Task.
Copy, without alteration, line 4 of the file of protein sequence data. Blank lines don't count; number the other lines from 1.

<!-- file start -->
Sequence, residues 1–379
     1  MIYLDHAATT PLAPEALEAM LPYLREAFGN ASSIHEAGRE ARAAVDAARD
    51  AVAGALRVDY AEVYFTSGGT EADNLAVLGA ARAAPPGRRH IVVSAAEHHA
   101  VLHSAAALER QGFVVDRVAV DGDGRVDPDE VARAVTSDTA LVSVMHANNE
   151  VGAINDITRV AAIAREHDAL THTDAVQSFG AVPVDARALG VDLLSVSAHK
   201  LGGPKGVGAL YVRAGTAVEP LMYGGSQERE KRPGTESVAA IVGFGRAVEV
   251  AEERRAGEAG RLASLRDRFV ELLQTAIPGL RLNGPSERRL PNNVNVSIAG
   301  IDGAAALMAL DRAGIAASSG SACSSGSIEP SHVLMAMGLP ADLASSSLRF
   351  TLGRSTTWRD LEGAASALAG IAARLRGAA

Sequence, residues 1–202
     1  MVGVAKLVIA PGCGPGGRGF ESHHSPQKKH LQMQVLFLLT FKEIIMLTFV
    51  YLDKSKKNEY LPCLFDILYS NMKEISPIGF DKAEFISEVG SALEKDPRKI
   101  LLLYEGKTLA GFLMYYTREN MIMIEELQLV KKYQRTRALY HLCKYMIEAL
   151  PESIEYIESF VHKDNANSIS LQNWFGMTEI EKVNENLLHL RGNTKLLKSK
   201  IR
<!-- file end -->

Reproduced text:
   101  VLHSAAALER QGFVVDRVAV DGDGRVDPDE VARAVTSDTA LVSVMHANNE